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Colloids Surf B Biointerfaces. 2015 May 1;129:79-86. doi: 10.1016/j.colsurfb.2015.03.026. Epub 2015 Mar 17.

Radiosensitizing effect of zinc oxide and silica nanocomposites on cancer cells.

Author information

1
Department of Radiation Biology, Institute for Cancer Research, Norwegian Radium Hospital, Oslo University Hospital, Montebello, 0310 Oslo, Norway; School of Pharmacy, Department of Pharmacy, University of Oslo, P.O. Box 1068, Blindern, 0316 Oslo, Norway.
2
Department of Physics, The University of Texas at Arlington, P.O. Box 19059, 502 Yates Street, 108 Science Hall, Arlington, TX 76019-0059, USA.
3
School of Pharmacy, Department of Pharmacy, University of Oslo, P.O. Box 1068, Blindern, 0316 Oslo, Norway.
4
Department of Radiation Biology, Institute for Cancer Research, Norwegian Radium Hospital, Oslo University Hospital, Montebello, 0310 Oslo, Norway. Electronic address: petras.juzenas@rr-research.no.

Abstract

Nanoparticulates responsive to X-rays offer increased efficacy of radiation therapy. However, successful demonstrations of such nanoparticle use are limited so far due to lack of significant radiosensitizing effects or poor nanoparticle stability in a biological system. Zinc oxide (ZnO) is the most promising biocompatible material for medicinal applications. In this paper, we report preparation and characterization of scintillating ZnO/SiO2 core-shell nanoparticles. The ZnO/SiO2 nanoparticles absorb ultraviolet (UV) radiation (below 360nm) and emit green fluorescence (400-750nm, maximum 550nm). Under X-ray irradiation (200kVp), the nanoparticles scintillate emitting luminescence in the region 350-700nm (maximum 420nm). The synthesized ZnO/SiO2 nanoparticles are stable in a biologically relevant environment (water and cell growth medium). The potential of the ZnO/SiO2 nanoparticles for radiosensitization is demonstrated in human prostate adenocarcinoma cell lines (LNCaP and Du145). The nanoparticles enhance radiation-induced reduction in cell survival about 2-fold for LNCaP and 1.5-fold for Du145 cells. Radiosensitizing effect can be attributed to X-ray-induced radiocatalysis by the nanoparticles.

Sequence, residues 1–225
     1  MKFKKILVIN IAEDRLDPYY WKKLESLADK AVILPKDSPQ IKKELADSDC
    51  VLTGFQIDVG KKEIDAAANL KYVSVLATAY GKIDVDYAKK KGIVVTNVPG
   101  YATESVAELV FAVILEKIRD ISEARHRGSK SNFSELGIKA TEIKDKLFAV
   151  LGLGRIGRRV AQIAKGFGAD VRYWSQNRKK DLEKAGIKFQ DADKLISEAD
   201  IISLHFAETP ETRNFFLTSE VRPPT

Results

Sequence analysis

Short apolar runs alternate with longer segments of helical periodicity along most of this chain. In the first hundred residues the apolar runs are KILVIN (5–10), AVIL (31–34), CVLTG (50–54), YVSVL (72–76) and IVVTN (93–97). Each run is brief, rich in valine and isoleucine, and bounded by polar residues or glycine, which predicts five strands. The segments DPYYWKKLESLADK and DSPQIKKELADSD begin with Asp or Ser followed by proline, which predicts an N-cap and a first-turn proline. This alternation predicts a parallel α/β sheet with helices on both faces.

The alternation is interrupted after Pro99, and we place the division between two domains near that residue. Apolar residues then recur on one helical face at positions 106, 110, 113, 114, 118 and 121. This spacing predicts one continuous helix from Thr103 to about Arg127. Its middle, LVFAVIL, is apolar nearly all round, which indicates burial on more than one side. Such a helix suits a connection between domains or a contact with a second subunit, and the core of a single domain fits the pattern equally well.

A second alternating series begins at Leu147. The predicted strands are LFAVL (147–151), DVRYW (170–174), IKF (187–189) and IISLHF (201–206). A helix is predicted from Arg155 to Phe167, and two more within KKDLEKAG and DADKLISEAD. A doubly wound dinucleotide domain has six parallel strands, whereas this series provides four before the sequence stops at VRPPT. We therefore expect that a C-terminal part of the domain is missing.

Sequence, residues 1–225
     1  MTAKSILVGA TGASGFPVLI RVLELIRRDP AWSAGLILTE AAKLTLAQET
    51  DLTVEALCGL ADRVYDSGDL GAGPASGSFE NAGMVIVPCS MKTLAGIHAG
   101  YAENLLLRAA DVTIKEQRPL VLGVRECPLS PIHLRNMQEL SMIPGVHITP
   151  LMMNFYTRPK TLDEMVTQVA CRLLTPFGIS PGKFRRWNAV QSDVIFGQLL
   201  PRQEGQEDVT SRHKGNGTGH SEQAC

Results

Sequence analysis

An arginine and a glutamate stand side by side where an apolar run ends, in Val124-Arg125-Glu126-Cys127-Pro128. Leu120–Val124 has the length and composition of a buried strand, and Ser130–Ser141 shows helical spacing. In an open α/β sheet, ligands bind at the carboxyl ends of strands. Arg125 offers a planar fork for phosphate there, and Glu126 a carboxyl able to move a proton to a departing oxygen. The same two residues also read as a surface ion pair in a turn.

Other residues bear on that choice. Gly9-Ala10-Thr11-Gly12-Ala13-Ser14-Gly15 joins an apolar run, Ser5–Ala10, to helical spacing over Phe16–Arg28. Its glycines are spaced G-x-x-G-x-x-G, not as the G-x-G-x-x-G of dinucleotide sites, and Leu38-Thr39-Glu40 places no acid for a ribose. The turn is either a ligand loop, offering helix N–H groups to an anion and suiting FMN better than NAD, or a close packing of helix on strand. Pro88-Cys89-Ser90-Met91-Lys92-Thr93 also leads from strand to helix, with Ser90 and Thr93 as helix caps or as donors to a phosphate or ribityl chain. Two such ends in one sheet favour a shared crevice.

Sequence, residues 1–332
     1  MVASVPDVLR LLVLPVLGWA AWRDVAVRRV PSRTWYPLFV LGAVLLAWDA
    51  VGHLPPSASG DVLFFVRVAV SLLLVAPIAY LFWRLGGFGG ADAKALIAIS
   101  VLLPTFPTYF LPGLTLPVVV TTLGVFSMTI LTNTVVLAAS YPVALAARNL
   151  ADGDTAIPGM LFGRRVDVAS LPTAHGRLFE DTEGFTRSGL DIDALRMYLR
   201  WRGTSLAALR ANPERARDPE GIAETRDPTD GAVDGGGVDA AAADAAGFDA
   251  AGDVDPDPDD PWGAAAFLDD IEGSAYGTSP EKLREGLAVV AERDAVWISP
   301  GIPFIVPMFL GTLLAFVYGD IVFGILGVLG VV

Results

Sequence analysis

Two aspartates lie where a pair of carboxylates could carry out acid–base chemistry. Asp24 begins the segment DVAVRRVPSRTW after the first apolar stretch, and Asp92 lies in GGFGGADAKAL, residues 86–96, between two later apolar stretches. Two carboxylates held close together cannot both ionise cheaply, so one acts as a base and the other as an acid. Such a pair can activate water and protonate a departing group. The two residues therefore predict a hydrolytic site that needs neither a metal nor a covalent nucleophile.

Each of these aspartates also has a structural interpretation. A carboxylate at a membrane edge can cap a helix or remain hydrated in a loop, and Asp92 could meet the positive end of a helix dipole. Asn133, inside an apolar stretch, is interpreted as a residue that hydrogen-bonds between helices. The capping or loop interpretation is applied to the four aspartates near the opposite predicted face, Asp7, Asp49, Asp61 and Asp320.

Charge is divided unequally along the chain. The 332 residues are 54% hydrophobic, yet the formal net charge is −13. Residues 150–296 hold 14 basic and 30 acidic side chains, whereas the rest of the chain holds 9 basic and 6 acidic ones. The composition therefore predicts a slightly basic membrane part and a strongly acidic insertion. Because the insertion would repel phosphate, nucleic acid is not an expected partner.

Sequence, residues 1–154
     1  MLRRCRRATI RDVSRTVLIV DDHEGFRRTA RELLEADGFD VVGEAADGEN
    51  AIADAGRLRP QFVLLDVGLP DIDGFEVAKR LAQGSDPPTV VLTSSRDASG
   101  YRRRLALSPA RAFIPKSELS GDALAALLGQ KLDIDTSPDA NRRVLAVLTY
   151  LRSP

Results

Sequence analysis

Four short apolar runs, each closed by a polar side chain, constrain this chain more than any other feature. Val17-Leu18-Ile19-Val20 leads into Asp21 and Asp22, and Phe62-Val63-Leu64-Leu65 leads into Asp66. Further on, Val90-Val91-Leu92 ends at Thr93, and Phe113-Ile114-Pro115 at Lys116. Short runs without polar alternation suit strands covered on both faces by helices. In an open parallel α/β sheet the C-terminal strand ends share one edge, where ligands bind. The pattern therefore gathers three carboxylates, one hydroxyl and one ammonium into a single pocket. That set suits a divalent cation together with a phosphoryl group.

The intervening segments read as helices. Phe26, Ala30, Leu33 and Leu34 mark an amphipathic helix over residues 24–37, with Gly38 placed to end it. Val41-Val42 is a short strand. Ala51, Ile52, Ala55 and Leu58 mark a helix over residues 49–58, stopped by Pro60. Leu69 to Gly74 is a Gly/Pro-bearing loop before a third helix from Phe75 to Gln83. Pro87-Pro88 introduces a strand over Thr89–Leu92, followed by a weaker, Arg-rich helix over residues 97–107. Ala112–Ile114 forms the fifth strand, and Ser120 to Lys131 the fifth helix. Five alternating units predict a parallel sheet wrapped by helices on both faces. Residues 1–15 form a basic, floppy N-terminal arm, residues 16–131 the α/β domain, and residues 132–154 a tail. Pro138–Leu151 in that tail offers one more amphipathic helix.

KEYWORDS:

Free radicals; Ionizing radiation; Radiation therapy; Radiation-induced catalysis; Radiosensitization

PMID:
25829130
DOI:
10.1016/j.colsurfb.2015.03.026
[Indexed for MEDLINE]

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